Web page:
Jason Mankey, over at Raise the Horns, offered his own reflections on Halloween and challenged other bloggers here at Patheos to share theirs. For Pagans, the month of October has often been a moment where we take a deep breath and prepare to see members of our extended community drug into the limelight by the media, usually in fairly sensational ways. While these sorts of situations sometimes leave us shaking our collective heads, they do show us the interest that the public might have in our communities during this time of the year.
Halloween is fairly unique in that many people (at least in the USA) do not associate it with some other religion’s holiday (e.g. Christmas and Yule) but yet do celebrate in some way. Certainly, other holidays and methods of celebration exist at this time, like All Soul’s Day and Día de Muertos, and especially in the case of the latter, some of these have crept into the collective American consciousness.
But Halloween, in all its the hedonistic, candy-binging glory, seems so far removed from the solemn meaning and ceremonies of Samhan that it creates a dissonance for the non-Pagan public. “What do you mean some people think Halloween is holy?” they think, “Isn’t it all about the candy?” They don’t have an association with, for example, August 1st to think it’s odd that it coincides with a religious holiday. As a result, we have the chance during the lead up to Halloween to use that surprise, that dissonance, to share our faith practices with others, which is especially important considering the emphasis that Samhain has in many Pagan traditions. What better time to share with others what is important to us than at a time when these things are already in our thoughts?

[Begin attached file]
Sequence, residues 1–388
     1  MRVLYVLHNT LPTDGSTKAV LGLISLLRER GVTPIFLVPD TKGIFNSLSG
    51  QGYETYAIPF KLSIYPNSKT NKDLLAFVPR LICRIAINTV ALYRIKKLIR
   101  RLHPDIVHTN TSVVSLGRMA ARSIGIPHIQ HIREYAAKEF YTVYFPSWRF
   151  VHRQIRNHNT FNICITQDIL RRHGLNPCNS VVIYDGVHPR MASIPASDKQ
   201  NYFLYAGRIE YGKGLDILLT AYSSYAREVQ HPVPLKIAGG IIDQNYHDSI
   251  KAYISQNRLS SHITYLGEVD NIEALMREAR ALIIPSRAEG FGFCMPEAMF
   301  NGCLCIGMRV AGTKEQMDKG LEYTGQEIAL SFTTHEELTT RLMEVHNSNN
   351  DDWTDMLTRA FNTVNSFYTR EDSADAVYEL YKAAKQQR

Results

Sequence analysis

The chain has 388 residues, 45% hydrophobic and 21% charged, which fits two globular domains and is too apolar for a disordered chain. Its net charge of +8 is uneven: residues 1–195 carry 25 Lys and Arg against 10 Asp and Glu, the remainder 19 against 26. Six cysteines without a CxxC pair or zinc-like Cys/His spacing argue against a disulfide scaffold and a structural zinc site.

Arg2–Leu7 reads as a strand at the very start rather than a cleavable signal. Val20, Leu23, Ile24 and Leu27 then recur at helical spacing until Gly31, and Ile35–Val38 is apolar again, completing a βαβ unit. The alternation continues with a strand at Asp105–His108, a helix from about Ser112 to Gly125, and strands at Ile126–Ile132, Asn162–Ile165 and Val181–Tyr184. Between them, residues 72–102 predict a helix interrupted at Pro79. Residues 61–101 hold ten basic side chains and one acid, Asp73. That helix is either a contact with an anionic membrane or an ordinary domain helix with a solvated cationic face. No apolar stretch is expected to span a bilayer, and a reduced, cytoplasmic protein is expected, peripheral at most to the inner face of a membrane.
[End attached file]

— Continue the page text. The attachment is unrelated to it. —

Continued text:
Before I moved to Massachusetts, it was during October that the Pagan Students Association at the University of Illinois would hold its fall panel events. Unfortunately, I think the PSA at Illinois is in hibernation at the moment, but while it was active we tapped into the local Pagan community in Champaign-Urbana–made larger and more diverse than you might have expected in Central Illinois due to the University–to seat three or four people on a panel and allow members of the public to attend and ask questions. We used Halloween as a catalyst to engage our neighbors and share our faiths in a way that we were never quite able to do in during the Spring semester. Plus, if nothing else, we could bill it as a conversation with “Real Witches” which inevitably brought in a few more of the curious.
Mythologically speaking, many of us consider the veil between worlds to be thinning during these days and to become thinnest on Samhain. Maybe this has a greater effect on us than we think it does, opening us up to new experiences or creating a willingness to explore something that we might not have otherwise encountered. As the veil thins, might not the walls we construct between our communities–religious or otherwise–thin as well? In this light, October might present a unique time to reach out to others and to build bridges that we can use throughout the rest of the year. What else were you planning on doing during the winter anyway?